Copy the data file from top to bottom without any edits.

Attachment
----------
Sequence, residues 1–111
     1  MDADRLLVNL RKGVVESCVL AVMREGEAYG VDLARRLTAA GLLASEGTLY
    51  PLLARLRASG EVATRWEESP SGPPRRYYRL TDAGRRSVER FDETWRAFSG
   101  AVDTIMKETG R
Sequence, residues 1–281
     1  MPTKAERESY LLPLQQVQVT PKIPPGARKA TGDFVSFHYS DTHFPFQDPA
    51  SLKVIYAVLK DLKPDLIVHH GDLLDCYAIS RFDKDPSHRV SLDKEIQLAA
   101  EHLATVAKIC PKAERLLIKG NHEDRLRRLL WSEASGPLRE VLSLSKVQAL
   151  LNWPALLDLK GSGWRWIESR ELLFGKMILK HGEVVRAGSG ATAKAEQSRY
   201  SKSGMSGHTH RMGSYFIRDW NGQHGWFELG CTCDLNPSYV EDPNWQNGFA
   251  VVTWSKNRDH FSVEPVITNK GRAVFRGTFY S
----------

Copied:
Sequence, residues 1–111
     1  MDADRLLVNL RKGVVESCVL AVMREGEAYG VDLARRLTAA GLLASEGTLY
    51  PLLARLRASG EVATRWEESP SGPPRRYYRL TDAGRRSVER FDETWRAFSG
   101  AVDTIMKETG R
Sequence, residues 1–281
     1  MPTKAERESY LLPLQQVQVT PKIPPGARKA TGDFVSFHYS DTHFPFQDPA
    51  SLKVIYAVLK DLKPDLIVHH GDLLDCYAIS RFDKDPSHRV SLDKEIQLAA
   101  EHLATVAKIC PKAERLLIKG NHEDRLRRLL WSEASGPLRE VLSLSKVQAL
   151  LNWPALLDLK GSGWRWIESR ELLFGKMILK HGEVVRAGSG ATAKAEQSRY
   201  SKSGMSGHTH RMGSYFIRDW NGQHGWFELG CTCDLNPSYV EDPNWQNGFA
   251  VVTWSKNRDH FSVEPVITNK GRAVFRGTFY S